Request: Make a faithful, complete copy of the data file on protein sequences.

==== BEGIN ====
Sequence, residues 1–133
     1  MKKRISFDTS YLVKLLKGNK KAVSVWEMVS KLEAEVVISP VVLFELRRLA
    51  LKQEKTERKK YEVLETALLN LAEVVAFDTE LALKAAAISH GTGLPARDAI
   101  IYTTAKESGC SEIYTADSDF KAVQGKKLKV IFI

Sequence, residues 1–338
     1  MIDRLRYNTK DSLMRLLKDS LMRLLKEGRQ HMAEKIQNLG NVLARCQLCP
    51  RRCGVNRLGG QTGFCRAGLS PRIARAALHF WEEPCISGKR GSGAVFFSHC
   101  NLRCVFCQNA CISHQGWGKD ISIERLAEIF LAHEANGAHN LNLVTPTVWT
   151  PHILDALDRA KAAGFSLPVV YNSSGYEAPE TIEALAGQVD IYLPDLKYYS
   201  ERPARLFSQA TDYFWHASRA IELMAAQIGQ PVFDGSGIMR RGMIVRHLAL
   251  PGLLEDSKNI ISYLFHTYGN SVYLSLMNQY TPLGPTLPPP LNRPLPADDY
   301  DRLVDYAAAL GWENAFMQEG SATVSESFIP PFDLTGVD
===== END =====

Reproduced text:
Sequence, residues 1–133
     1  MKKRISFDTS YLVKLLKGNK KAVSVWEMVS KLEAEVVISP VVLFELRRLA
    51  LKQEKTERKK YEVLETALLN LAEVVAFDTE LALKAAAISH GTGLPARDAI
   101  IYTTAKESGC SEIYTADSDF KAVQGKKLKV IFI

Sequence, residues 1–338
     1  MIDRLRYNTK DSLMRLLKDS LMRLLKEGRQ HMAEKIQNLG NVLARCQLCP
    51  RRCGVNRLGG QTGFCRAGLS PRIARAALHF WEEPCISGKR GSGAVFFSHC
   101  NLRCVFCQNA CISHQGWGKD ISIERLAEIF LAHEANGAHN LNLVTPTVWT
   151  PHILDALDRA KAAGFSLPVV YNSSGYEAPE TIEALAGQVD IYLPDLKYYS
   201  ERPARLFSQA TDYFWHASRA IELMAAQIGQ PVFDGSGIMR RGMIVRHLAL
   251  PGLLEDSKNI ISYLFHTYGN SVYLSLMNQY TPLGPTLPPP LNRPLPADDY
   301  DRLVDYAAAL GWENAFMQEG SATVSESFIP PFDLTGVD